• CLI: At times, it’s impossible for SIA to connect with applications or datasets through other means. Command-line interface, or CLI, is another way SIA extends its reach across the entire security infrastructure so that critical data, insights, and issues never get overlooked.

Getting Started With SIA

Any new IT initiative requires careful vetting. When it comes to something like cybersecurity with potentially existential implications, the evaluation requires extra rigor.

A thorough network security infrastructure audit should be the first step. Inspections reveal when and where network security devices such as firewalls, web proxies, and load balancers no longer adhere to industry and vendor-specific best practices. Once complete, it’s clear which portions of the infrastructure SIA could alter to improve an organization’s overall security posture.

After the audit is complete, the next step is evaluating various SIA vendors. Indeni is a global market leader in the space as we provide unprecedented visibility through our automated, globally accepted best practices. We turn insights from the world’s leading cybersecurity experts into reusable code to ensure companies can avoid disruptions proactively. Once security operations are automated, companies gain the agility and confidence necessary to pursue bold initiatives and embrace the benefits of automation.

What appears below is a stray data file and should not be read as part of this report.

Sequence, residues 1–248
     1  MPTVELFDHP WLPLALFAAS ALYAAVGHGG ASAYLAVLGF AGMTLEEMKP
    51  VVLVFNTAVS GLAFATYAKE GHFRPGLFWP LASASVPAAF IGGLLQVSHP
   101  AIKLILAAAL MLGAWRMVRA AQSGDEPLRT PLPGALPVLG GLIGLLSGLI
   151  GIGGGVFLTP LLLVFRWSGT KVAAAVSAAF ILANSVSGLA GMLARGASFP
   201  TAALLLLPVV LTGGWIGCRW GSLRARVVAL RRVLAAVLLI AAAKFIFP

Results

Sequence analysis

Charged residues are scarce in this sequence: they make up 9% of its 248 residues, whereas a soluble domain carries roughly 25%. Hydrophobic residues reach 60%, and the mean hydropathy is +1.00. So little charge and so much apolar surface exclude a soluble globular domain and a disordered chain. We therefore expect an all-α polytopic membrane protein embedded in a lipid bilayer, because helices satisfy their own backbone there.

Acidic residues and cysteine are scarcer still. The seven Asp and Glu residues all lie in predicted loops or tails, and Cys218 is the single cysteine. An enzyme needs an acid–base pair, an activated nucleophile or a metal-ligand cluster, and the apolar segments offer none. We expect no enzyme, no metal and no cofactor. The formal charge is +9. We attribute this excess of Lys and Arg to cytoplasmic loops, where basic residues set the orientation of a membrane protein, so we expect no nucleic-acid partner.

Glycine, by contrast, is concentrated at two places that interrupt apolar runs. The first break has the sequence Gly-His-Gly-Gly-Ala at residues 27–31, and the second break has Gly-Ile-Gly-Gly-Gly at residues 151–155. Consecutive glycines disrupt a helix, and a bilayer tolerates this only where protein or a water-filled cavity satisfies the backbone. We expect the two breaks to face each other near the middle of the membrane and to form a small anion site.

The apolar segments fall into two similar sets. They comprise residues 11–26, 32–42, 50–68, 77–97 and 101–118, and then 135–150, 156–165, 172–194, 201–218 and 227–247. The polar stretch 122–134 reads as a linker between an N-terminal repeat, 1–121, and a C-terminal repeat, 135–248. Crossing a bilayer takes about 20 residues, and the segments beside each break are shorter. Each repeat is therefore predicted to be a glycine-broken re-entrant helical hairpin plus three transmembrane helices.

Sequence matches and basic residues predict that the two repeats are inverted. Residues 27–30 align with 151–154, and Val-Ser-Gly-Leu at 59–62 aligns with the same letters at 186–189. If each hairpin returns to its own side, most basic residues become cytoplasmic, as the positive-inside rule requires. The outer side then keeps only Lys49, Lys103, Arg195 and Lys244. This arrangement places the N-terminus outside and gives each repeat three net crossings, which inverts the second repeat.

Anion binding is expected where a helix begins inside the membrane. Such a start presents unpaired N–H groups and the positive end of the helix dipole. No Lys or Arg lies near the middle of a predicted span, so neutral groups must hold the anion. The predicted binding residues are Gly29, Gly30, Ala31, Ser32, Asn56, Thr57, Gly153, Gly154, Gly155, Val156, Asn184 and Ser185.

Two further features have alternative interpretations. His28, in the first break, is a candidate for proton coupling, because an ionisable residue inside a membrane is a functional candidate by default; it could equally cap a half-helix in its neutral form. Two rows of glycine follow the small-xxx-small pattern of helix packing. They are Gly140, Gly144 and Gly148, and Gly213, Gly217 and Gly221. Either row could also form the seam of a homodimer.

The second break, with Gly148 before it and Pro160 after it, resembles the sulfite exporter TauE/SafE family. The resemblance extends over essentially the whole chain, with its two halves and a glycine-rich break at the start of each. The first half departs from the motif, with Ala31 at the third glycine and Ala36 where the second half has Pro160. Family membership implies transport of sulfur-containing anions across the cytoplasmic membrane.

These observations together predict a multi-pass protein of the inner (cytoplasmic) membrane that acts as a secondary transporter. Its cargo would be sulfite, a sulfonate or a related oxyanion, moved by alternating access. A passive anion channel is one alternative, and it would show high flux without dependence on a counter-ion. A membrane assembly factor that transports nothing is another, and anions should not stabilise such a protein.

Along with transparency, Indeni also improves accessibility. Solutions can be up and running in a matter of minutes, instantly generating actionable information. Users also don’t have to worry about creating automation elements such as rules and scripts to link SIA to everything within the network architecture. Every supported security device looks the same on our integrated platform, allowing users to focus on security rather than the mechanics of security technology.

The benefits of system automation are undeniable, but whether the technology is essential may still be in question. Instead of making assumptions, look for objective evidence in the form of key performance indicators. If security concerns prevent companies from supporting revenue-driving initiatives, for example, those businesses will either ignore security policies or lower their ambitions. Neither option promotes long-term growth, though.

Similarly, companies that struggle to find talent, eliminate errors, or streamline communications tend to have troubling weaknesses within their security operations. When security technicians feel overwhelmed with work and continuously scapegoated, the situation is unlikely to improve without a comprehensive new approach to security threats.